Profits at major UK banks down 40% on 2011

A new survey by KPMG has found that while the big five banks saw an on-paper profit increase of 45% last year, these gains were obliterated by in-house 'mistakes' and regulatory fines, creating a 40% profit slump.

by Rebecca Burn-Callander
Last Updated: 09 Oct 2013

As if you needed any further proof that eveything's gone bonkers in banking... Accountants KMPG have crunched the numbers over at Barclays, HSBC, Lloyds Banking Group, RBS and Standard Chartered and found that despite huge increases in profit, a raft of internal errors, combined with fines and penalties from regulators, have taken earnings at the 'big five' from a core profit of £31.5bn to just £11.7bn, down 40% on the previous year.

Unsurprisingly, the recent PPI debacle has proved one of the most costly errors on the balance sheet: the banks paid out £7.4bn in 2012, up from £5.7bn in 2011.

In addition, there was the £4.7bn paid out in additional 'redress provisions' (translation: cash coughed up to cover other mis-sold plans or internal screw-ups), and a £12.8bn loss caused by the revaluation of ‘own debt’, reflecting the credit markets’ more positive view on bank issuers and interest rate movements.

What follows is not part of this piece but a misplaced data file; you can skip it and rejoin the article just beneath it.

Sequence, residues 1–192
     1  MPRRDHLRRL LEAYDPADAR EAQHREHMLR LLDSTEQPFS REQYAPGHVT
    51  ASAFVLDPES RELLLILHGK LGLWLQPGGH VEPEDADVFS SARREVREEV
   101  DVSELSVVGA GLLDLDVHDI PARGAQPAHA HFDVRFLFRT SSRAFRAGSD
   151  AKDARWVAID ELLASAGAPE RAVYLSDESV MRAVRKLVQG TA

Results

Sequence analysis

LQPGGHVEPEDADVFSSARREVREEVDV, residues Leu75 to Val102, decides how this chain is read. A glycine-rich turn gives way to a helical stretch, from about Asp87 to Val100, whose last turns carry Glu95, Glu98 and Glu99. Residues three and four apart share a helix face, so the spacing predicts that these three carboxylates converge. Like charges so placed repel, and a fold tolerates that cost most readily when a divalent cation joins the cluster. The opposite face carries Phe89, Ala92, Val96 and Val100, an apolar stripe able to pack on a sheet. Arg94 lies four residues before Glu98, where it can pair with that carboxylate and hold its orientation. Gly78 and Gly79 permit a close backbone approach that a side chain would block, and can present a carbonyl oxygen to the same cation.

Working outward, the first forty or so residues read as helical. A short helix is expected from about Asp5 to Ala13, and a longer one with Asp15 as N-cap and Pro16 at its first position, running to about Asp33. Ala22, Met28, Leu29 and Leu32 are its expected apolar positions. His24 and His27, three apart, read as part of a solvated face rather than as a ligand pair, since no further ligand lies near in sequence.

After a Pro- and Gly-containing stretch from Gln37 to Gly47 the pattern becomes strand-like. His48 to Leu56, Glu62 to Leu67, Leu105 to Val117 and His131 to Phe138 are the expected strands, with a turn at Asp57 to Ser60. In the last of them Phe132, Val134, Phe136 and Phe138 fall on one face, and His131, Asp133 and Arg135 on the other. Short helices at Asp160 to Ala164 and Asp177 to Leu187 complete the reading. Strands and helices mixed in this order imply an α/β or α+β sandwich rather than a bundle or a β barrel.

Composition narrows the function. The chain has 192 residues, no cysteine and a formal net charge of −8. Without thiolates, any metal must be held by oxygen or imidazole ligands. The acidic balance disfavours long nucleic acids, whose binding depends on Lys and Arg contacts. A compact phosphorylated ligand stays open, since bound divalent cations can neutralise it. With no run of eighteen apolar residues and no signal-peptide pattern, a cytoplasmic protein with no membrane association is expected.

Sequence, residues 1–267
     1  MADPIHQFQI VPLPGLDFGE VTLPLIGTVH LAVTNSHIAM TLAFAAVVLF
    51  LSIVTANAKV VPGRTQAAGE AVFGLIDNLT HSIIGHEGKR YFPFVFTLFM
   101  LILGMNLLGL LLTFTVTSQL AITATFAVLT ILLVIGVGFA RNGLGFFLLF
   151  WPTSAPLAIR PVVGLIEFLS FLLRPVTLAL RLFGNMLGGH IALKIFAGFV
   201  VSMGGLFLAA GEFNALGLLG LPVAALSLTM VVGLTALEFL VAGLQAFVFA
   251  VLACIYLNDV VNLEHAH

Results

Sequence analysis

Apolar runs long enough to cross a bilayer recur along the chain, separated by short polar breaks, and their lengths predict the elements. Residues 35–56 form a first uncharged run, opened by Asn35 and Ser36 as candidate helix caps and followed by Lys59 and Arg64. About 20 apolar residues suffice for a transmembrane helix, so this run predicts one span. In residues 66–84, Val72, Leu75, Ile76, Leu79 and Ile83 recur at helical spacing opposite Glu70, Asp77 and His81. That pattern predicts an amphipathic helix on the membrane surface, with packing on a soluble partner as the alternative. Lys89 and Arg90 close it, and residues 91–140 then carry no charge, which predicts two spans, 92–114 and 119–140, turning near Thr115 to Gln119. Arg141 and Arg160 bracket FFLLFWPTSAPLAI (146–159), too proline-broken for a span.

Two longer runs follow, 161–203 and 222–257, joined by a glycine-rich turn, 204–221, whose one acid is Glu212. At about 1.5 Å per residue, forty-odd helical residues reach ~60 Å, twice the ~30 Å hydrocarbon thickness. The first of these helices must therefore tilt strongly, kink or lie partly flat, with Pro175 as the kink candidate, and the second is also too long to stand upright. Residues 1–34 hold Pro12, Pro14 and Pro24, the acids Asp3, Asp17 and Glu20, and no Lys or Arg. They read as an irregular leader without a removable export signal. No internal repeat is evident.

But the KPMG’s 'Bank Performance Benchmarking Report' wasn't all bad news. It also found that impairment (bad loan) charges have continued to fall with continued low interest rates enabling the majority of customers to pay their mortgages and reduce their credit exposures (credit card bills, pay off loans etc).

Revenues too were generally up, helped by the recent surge in positive sentiment surrounding the future of the eurozone (although, as events in Cyprus are showing, that sentiment could prove short-lived).

'Banks had a better performance year in 2012 but their improved core profits were eaten up by fines and other exceptional items, leaving them down on 2011,' says Bill Michael of KPMG.' But overall, banks have made progress. They have strengthened their balance sheets and made strides to bolster their capital. They are becoming better able to carry out their essential function of providing support to businesses and promoting economic growth.'

However, he doesn't mince his words when it comes to consumers' plummeting confidence in the banks: 'In terms of their reputations, 2012 was a dire year. This is why it is so important for them to address cultural and ethical perceptions and issues. Restoring customer trust is critical.'

So, banks will remain under the cosh in 2013: PPI complaints are still flooding in, and the total cost for Libor rate-rigging is still yet to be counted. The major players are also going to have to fork out a lot of money on a major charm offensive if they are to win over cynical consumers and businesses, feeling ticked off and ripped off by the revelations of the past year. Still, at least the banks are still increasing their profits by significant margins. Now, they just need to hold on to them...

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